Quantifying Machine Availability in Networked and Desktop Grid Systems

Report ID: 
John Brevik, Daniel Nurmi and Rich Wolski
2003-11-01 04:00:00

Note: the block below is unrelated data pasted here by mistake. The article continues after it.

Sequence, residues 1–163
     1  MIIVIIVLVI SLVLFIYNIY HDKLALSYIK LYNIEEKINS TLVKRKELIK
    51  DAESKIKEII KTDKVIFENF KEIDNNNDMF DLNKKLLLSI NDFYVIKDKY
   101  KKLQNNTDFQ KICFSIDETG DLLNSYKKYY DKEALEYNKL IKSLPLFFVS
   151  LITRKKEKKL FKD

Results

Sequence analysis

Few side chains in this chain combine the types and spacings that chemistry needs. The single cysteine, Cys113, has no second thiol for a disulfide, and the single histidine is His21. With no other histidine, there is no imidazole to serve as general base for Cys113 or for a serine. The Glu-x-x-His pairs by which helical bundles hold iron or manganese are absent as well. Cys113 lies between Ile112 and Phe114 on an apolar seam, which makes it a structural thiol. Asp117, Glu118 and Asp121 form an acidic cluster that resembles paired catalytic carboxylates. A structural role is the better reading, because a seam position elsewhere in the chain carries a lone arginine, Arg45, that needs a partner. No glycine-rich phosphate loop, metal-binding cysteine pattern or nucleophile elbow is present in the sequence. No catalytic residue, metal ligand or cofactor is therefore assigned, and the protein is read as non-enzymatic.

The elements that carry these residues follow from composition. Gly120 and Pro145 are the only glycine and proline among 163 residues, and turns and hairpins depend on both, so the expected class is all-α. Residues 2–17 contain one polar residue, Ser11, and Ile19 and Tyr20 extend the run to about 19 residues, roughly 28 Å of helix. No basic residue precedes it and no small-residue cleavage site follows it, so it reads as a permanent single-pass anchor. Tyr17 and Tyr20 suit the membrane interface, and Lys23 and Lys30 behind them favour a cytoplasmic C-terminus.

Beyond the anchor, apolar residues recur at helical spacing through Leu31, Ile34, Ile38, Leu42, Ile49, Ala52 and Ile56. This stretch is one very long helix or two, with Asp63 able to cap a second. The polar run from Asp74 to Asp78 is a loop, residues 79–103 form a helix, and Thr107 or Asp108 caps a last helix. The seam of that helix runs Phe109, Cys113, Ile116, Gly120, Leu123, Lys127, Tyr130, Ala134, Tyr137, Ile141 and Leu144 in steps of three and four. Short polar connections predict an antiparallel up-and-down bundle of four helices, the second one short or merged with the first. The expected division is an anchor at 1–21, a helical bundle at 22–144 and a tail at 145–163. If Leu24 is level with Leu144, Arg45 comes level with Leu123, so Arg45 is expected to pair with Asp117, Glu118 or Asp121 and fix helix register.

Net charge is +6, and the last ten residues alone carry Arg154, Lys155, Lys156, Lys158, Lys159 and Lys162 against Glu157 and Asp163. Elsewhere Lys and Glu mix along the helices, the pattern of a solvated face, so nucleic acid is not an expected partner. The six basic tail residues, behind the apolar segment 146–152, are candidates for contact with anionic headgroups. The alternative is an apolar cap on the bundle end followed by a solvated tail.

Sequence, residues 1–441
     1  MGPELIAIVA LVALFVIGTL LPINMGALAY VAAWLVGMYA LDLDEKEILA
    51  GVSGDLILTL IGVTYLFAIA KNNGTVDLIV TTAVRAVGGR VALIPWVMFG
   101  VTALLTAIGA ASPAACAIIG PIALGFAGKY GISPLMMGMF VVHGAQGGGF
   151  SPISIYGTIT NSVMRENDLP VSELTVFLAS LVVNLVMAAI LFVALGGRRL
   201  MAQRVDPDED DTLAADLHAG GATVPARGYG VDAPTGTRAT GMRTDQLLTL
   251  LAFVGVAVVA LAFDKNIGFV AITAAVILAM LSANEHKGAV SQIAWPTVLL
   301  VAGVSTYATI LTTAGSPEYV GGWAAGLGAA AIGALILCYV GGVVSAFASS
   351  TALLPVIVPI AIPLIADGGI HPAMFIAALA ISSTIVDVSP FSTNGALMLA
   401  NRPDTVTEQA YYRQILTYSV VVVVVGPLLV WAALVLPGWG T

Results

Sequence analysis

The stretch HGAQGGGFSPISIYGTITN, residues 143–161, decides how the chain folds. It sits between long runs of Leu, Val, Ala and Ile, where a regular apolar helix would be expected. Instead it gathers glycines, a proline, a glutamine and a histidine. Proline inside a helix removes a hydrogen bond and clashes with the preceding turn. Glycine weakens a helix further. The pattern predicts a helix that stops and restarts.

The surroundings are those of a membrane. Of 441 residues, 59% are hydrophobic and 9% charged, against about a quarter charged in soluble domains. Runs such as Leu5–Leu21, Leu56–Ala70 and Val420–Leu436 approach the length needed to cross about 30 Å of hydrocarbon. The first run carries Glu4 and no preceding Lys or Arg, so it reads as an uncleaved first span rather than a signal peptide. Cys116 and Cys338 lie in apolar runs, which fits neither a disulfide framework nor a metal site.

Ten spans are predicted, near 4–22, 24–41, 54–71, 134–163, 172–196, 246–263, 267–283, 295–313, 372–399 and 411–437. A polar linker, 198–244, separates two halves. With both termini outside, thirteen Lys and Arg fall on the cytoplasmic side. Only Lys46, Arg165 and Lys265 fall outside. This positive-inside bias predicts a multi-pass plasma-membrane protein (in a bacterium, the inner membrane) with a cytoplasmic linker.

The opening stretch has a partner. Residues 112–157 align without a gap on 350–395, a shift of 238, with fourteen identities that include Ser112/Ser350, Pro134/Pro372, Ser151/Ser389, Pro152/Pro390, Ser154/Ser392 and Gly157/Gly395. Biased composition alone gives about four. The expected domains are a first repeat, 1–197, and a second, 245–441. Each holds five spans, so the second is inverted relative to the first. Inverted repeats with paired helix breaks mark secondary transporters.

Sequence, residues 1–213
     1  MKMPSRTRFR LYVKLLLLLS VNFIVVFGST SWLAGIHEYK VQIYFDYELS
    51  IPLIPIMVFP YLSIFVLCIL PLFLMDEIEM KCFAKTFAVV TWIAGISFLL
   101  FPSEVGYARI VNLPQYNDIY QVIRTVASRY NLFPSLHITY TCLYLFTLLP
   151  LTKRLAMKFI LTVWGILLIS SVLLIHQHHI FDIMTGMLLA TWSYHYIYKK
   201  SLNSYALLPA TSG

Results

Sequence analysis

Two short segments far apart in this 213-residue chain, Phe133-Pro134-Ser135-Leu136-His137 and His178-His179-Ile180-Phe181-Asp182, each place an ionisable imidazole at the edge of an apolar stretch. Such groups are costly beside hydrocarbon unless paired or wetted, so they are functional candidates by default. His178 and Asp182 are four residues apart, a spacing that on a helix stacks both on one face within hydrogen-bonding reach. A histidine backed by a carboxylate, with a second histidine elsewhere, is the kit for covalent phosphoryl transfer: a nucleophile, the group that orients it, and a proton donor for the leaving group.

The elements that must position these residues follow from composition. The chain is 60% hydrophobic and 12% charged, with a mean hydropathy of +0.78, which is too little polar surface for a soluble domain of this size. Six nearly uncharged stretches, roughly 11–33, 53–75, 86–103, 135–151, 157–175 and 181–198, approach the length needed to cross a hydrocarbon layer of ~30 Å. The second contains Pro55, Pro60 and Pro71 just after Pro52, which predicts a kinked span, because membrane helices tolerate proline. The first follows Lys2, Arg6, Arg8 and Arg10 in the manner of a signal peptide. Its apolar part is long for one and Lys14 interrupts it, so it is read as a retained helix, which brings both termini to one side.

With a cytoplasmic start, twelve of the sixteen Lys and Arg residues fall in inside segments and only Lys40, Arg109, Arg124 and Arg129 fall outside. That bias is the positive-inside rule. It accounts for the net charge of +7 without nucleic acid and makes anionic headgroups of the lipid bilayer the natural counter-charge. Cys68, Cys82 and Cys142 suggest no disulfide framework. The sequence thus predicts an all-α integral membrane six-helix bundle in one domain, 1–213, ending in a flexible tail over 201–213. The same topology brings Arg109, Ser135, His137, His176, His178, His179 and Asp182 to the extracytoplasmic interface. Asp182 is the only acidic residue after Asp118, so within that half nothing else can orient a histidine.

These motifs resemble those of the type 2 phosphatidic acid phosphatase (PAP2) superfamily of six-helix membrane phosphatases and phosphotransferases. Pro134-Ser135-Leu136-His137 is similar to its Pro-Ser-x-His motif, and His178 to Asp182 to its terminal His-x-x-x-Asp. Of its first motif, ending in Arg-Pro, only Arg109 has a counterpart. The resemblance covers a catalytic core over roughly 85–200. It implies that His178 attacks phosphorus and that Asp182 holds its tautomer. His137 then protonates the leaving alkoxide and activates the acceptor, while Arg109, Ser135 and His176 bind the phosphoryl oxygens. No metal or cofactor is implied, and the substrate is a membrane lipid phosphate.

In this paper, we examine the problem of predicting machineavailability in desktop and enterprise computing environments.Predicting the duration that a machine will run until it restarts(availability duration) is critically useful to application schedulingand resource characterization in federated systems. We describe twonon-parametric prediction techniques (that can be appliedautomatically as part of a scheduling infrastructure) and we detailtheir accuracy in predicting the availability durations empiricallygathered from three separate computing environments.We describe each method analytically and evaluate its precision using asynthetic trace of machine availability constructed from a known distribution.To detail their practical efficacy, we apply them to machineavailability traces from three separate desktop and enterprisecomputing environments, and evaluate each method in terms of the accuracy withwhich it predicts availability in a trace driven simulation.Our results indicate that availability duration can be predicted withquantifiable confidence bounds and that these bounds can be used asconservative bounds on lifetime predictions.


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